why this acclaimed documentary made by high school students is causing controversy

Students at Carlsbad High School made a documentary about vaccinations two years ago. It is finally being shown in time for National Immunization Awareness Month. The anti-vaccination movement was against making the documentary “Invisible Threat,” which was about “the science of disease and the risks facing a society that is under-vaccinated.” UT San Diego was the first to report on the making of the film.

Students were confused by the attacks from people who don’t believe in vaccines. These people said the school got money from drug companies to make a propaganda film.

Mark Huckaby, a graduating senior who narrated the film, told the Los Angeles Times, “We’re a film club that meets outside of school.” “That’s not cool at all.”

The San Diego Rotary Club came up with the idea for the movie. The club is the leading financial backer of CHSTVfilms, a film and broadcast journalism club that has won awards.

Since 1998, the service group has been working to increase the number of people who get vaccinated in San Diego County. The number of people who didn’t get their shots because they didn’t want to has gone up from 1.09 percent 15 years ago to 4.49 percent last school year.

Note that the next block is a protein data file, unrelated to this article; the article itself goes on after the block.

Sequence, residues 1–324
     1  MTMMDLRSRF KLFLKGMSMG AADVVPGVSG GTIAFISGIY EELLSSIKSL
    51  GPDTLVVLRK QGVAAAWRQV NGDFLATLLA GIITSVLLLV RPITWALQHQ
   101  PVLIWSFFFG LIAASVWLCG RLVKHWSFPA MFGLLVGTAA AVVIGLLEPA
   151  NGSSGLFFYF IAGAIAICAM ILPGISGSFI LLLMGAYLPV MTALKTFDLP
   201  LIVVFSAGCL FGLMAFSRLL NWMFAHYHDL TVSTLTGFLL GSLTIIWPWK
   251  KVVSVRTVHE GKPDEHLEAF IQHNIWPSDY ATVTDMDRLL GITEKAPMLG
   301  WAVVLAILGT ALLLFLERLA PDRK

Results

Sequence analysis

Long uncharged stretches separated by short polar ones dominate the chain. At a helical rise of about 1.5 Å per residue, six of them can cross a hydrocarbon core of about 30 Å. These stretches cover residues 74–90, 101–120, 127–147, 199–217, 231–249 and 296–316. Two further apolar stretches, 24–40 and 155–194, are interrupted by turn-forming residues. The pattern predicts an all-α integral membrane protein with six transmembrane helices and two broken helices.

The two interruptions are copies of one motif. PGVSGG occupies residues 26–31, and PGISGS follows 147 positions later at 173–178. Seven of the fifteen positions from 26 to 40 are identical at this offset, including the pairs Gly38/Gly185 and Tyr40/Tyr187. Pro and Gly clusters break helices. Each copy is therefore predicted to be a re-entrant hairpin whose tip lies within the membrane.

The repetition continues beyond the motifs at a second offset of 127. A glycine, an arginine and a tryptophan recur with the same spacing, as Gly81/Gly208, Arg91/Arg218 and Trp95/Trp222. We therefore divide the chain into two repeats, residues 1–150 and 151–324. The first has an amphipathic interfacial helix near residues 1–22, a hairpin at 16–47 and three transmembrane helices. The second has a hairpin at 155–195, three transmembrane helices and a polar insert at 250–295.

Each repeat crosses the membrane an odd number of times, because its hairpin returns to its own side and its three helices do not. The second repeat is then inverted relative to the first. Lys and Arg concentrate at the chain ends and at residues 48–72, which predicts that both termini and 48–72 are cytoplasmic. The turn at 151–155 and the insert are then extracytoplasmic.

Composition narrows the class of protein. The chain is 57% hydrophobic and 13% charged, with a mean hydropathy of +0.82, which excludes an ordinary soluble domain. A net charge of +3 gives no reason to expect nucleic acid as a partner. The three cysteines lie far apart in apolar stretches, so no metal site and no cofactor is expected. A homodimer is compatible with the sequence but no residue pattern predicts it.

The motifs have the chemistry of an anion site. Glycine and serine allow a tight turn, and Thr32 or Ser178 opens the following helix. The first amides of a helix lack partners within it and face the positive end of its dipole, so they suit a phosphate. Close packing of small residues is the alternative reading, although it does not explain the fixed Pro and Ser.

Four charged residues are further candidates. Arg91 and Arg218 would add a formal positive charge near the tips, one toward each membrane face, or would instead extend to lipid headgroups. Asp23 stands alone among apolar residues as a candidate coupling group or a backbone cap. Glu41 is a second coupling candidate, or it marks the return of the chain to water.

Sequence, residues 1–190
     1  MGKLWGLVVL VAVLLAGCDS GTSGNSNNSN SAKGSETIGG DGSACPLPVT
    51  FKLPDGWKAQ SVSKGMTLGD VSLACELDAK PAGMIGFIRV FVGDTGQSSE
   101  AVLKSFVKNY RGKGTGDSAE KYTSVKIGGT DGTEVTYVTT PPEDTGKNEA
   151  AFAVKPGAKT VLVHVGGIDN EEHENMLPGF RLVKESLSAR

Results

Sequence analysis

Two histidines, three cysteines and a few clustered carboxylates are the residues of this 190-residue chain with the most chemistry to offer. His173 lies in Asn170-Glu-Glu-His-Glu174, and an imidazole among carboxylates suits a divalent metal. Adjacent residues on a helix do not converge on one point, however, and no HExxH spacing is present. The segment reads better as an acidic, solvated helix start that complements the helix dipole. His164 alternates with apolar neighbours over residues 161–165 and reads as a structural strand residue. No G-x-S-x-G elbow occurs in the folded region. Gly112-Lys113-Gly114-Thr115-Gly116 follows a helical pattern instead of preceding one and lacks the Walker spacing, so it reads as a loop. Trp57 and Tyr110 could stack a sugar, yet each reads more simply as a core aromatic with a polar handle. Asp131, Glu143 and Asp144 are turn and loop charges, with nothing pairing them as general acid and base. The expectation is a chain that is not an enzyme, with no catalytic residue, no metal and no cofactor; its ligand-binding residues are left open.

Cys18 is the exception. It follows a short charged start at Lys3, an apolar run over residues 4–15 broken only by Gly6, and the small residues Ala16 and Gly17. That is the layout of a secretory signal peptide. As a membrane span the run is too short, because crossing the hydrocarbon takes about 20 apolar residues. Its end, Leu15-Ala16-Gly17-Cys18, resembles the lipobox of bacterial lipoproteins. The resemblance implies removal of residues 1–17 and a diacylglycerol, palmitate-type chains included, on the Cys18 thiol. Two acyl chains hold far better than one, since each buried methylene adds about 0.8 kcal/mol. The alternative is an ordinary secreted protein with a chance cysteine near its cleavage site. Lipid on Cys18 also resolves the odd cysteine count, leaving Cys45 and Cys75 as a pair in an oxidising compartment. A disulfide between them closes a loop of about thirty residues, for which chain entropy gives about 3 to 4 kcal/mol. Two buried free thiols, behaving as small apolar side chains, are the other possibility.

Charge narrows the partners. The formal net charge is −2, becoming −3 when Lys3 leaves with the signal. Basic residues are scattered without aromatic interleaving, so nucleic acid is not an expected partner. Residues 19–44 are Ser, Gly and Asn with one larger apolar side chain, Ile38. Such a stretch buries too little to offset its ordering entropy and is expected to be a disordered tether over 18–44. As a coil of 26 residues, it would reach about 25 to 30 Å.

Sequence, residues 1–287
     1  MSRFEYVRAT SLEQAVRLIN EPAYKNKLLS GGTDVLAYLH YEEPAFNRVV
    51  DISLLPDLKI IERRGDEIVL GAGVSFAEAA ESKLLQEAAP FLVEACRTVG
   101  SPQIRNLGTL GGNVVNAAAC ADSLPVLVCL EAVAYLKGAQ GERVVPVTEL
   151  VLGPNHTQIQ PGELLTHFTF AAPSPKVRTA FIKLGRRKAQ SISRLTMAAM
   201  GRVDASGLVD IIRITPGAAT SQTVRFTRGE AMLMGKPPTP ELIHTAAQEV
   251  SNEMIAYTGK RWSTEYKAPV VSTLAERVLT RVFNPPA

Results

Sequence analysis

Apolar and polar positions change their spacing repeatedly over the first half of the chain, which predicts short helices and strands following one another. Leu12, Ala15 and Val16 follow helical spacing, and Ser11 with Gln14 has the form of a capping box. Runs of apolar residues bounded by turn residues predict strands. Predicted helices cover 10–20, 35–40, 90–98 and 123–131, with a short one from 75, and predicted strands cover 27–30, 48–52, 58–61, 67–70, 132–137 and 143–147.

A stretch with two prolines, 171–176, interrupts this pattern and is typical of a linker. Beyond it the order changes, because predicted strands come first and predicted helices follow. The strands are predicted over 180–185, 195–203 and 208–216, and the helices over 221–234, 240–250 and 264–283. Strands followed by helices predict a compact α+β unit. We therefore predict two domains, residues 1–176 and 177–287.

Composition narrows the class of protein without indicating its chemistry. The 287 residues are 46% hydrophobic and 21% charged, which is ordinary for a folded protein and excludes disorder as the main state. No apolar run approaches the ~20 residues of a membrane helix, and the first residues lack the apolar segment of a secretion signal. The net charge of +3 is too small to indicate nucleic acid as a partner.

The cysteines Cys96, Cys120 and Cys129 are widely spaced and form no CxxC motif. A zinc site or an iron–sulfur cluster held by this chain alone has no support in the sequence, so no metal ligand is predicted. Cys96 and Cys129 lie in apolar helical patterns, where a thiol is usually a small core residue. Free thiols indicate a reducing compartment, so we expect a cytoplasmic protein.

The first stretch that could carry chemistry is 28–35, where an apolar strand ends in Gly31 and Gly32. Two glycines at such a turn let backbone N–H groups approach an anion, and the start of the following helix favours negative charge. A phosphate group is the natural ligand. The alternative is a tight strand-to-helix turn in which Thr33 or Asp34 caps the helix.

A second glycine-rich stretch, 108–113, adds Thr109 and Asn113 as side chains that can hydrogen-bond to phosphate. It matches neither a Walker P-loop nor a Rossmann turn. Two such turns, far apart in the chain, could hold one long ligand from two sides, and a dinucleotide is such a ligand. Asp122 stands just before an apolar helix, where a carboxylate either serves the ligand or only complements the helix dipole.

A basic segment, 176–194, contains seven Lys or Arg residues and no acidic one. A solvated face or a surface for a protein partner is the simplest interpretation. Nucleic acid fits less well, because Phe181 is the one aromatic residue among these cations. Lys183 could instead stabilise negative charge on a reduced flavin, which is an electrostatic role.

So far this year, the number of people getting whooping cough has reached an epidemic level, and public health officials say that children who haven’t been vaccinated are partly to blame. Vaccination rates in San Diego County are often one of the highest in the country.

On the other hand, students didn’t like the idea of making a pro-vaccine film.

One of the students, Bradley Streicher, told the LA Times, “We said that if we were going to do this, it had to be on our terms.” “We wanted to look at both sides of this.”

The students read studies and talked to public health officials, parents against vaccination, and a holistic practitioner who treats children who haven’t been vaccinated. Some people who at first thought that vaccines cause autism later changed their minds.

“It was all about social trouble. “There was no disagreement about science,” a senior-to-be named Allison DeGour told the Times.

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